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Stuart McMillen, a young comic artist residing in Australia, has created a lovely illustrated guide to the social impact of the War on Drugs. It cuts right to the heart of prohibition policies without requiring that the audience read paragraphs of “boring” history and political science/cultural analysis. Beautifully illustrated and succinct in its analysis of the danger of prohibition, this comic will surely helps sway those who are not interested in reading the plethora of historical and analytic information available that shows the dangers and damages of the War on Drugs. Originally published in 2012, this comic remains relevant and powerful today.
The world-renowned economist Milton Friedman plays a crucial role in this comic, which explores his early opposition to the War on Drugs and his predictions about what said war would do to American society. McMillen deftly illustrates how difficult it is, after decades of prohibition, for most people to separate the real dangers of the chemicals themselves from the dangers being created by prohibition.
Friedman predicted that criminal prohibition of drugs would not reduce demand for said drugs, that, in fact, by making them illegal the government would make these substances into tempting “forbidden fruit” that young people would be more interested in seeking out and trying. He predicted that criminals and unscrupulous people would enter the black market upon realizing the massive profit margin that prohibition could create for them, and that the increase in price of drugs correlated to prohibition would create a wave of crime committed by those who needed to purchase drugs. The producers of drugs would also be drawn to more addictive substances, in order to maintain a strong demand for their product.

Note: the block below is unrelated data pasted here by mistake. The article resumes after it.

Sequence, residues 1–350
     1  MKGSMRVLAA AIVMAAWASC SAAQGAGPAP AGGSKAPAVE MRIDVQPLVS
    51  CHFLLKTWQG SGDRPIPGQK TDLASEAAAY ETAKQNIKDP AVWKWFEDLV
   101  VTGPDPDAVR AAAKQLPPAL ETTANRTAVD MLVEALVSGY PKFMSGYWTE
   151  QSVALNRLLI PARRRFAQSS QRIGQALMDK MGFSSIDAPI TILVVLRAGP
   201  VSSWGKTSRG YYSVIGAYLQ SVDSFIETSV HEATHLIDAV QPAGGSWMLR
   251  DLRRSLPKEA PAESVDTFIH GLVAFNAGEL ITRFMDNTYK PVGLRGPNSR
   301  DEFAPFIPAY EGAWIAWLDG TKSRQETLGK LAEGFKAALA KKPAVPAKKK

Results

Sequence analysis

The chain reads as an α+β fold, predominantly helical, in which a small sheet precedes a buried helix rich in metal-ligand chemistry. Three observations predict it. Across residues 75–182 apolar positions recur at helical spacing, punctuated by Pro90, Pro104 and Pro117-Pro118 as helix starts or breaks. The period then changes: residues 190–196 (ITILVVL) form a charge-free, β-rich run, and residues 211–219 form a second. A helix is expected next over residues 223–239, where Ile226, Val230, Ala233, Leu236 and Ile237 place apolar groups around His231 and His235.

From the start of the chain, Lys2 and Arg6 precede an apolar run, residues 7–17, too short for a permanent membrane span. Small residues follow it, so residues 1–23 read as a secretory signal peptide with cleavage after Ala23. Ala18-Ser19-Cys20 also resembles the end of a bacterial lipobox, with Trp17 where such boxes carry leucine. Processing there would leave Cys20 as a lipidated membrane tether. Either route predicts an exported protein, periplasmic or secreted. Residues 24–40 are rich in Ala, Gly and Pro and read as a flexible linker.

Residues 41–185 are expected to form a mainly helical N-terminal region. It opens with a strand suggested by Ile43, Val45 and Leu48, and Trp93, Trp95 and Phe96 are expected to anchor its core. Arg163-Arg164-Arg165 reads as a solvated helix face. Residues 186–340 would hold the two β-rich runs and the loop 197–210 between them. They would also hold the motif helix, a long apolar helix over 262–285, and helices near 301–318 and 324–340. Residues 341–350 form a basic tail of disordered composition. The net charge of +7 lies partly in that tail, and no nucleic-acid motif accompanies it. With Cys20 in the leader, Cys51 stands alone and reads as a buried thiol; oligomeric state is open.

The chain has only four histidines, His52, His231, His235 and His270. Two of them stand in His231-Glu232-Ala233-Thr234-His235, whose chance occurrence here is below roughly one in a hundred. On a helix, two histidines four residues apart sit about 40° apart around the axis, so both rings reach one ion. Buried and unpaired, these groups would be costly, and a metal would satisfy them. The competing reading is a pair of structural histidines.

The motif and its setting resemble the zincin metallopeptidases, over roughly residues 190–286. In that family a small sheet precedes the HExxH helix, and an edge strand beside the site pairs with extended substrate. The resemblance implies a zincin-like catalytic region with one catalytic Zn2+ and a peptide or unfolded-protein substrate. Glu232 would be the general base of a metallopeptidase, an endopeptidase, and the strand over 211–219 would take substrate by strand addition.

Friedman also predicted that the criminalization of drugs would lead to an overall decrease in respect for the rule of law, leading to more people disobeying laws of every kind, just not the prohibition laws. He predicted an increase in law enforcement and political corruption, leading to an increase in citizen incarceration and a diversion of funding from the pursuit of violent crime to the pursuit of non-violent drug offenders. Friedman did not believe that criminalizing drug users would cure them, but rather drive them underground, making them more likely to commit other crimes and less likely to seek help for their addiction and its underlying causes.
The follow-up comic exploring “Rat Park” and the science of addition as studied by Bruce Alexander is equally insightful and moving for those struggling to understand the root causes of and best treatments for addiction. He has also recently published an amazing 120-page comic called “Peak Oil.“
McMillen is currently working on a full-length graphic book. Readers can support his work on Patreon (rewards include receiving postcards hand-written by McMillen and featuring his art) and follow him on Facebook for updates about new comics and essays exploring his comics.